Psychological Stress Management and Stress Reduction Strategies for Stroke Survivors: A Scoping Review

Hinwood, Madeleine and Ilicic, Marina and Gyawali, Prajwal ORCID: https://orcid.org/0000-0003-0975-5576 and Coupland, Kirsten and Kluge, Murielle G. and Smith, Angela and Bowden, Sue and Nilsson, Michael and Walker, Frederick Rohan (2022) Psychological Stress Management and Stress Reduction Strategies for Stroke Survivors: A Scoping Review. Annals of Behavioral Medicine.

[img]
Preview
Text (Published - ArticleFirst Version)
Psychological Stress Management and Stress Reduction Strategies for Stroke Survivors.pdf
Available under License Creative Commons Attribution 4.0.

Download (4MB) | Preview

Abstract

Background: Stroke can be a life-changing event, with survivors frequently experiencing some level of disability, reduced independence, and an abrupt lifestyle change. Not surprisingly, many stroke survivors report elevated levels of stress during the recovery process, which has been associated with worse outcomes. Purpose: Given the multiple roles of stress in the etiology of stroke recovery outcomes, we aimed to scope the existing literature on stress management interventions that have been trialed in stroke survivors. Methods: We performed a database search for intervention studies conducted in stroke survivors which reported the effects on stress, resilience, or coping outcome. Medline (OVID), Embase (OVID), CINAHL (EBSCO), Cochrane Library, and PsycInfo (OVID) were searched from database inception until March 11, 2019, and updated on September 1, 2020. Results: Twenty-four studies met the inclusion criteria. There was significant variation in the range of trialed interventions, as well as the outcome measures used to assess stress. Overall, just over half (13/24) of the included studies reported a benefit in terms of stress reduction. Acceptability and feasibility were considered in 71% (17/24) and costs were considered in 17% (4/24) of studies. The management of stress was rarely linked to the prevention of symptoms of stress-related disorders. The overall evidence base of included studies is weak. However, an increase in the number of studies over time suggests a growing interest in this subject. Conclusions: Further research is required to identify optimum stress management interventions in stroke survivors, including whether the management of stress can ameliorate the negative impacts of stress on health.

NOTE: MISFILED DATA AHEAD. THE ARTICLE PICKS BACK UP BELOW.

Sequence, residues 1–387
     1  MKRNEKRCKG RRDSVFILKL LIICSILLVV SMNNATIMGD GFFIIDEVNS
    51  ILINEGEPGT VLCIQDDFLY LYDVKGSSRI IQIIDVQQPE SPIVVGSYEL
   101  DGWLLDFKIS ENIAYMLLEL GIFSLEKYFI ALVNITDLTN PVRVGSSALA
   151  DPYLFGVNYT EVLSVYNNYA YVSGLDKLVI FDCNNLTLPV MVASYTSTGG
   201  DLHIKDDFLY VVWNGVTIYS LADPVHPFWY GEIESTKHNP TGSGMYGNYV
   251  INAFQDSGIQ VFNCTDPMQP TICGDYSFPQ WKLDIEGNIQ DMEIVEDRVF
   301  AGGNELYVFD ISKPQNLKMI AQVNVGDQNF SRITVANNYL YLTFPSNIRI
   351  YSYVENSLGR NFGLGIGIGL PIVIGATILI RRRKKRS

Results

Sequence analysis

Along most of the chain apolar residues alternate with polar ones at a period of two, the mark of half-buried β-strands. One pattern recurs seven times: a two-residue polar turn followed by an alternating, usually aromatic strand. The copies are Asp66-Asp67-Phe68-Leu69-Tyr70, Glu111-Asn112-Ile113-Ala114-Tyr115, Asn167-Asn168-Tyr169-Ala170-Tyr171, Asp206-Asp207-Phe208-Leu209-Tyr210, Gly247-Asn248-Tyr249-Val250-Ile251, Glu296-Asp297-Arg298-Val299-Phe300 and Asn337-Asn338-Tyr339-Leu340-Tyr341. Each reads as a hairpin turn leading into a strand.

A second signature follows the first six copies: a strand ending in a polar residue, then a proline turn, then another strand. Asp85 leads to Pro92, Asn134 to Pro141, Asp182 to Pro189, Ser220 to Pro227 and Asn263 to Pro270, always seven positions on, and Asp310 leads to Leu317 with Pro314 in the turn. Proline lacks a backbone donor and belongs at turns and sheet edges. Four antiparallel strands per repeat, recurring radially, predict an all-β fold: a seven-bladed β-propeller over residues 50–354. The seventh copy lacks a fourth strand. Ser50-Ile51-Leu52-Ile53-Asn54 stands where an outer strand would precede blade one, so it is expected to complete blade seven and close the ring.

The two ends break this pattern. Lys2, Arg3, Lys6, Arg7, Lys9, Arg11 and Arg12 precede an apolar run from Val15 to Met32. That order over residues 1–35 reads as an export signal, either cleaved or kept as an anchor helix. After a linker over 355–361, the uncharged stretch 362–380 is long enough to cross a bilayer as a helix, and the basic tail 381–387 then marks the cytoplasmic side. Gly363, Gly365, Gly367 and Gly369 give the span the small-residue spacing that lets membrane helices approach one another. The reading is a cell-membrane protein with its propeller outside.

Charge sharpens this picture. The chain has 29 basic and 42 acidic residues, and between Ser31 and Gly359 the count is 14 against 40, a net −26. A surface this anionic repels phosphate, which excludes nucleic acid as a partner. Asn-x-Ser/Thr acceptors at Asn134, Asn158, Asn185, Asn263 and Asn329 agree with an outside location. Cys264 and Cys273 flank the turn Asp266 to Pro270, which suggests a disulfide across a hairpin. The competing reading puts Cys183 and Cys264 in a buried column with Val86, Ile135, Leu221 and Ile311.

Statistics for USQ ePrint 49991
Statistics for this ePrint Item
Item Type: Article (Commonwealth Reporting Category C)
Refereed: Yes
Item Status: Live Archive
Faculty/School / Institute/Centre: Current – Faculty of Health, Engineering and Sciences - School of Health and Medical Sciences (1 Jan 2022 -)
Faculty/School / Institute/Centre: Current – Faculty of Health, Engineering and Sciences - School of Health and Medical Sciences (1 Jan 2022 -)
Date Deposited: 20 Jul 2022 06:44
Last Modified: 20 Jul 2022 06:44
Uncontrolled Keywords: Stroke, Stress, Resilience, Stress intervention, Stress management, Depression
Fields of Research (2020): 32 BIOMEDICAL AND CLINICAL SCIENCES > 3209 Neurosciences > 320905 Neurology and neuromuscular diseases
42 HEALTH SCIENCES > 4201 Allied health and rehabilitation science > 420109 Rehabilitation
52 PSYCHOLOGY > 5205 Social and personality psychology > 520503 Personality and individual differences
Socio-Economic Objectives (2020): 20 HEALTH > 2001 Clinical health > 200105 Treatment of human diseases and conditions
Identification Number or DOI: https://doi.org/10.1093/abm/kaac002
URI: http://eprints.usq.edu.au/id/eprint/49991

Actions (login required)

View Item Archive Repository Staff Only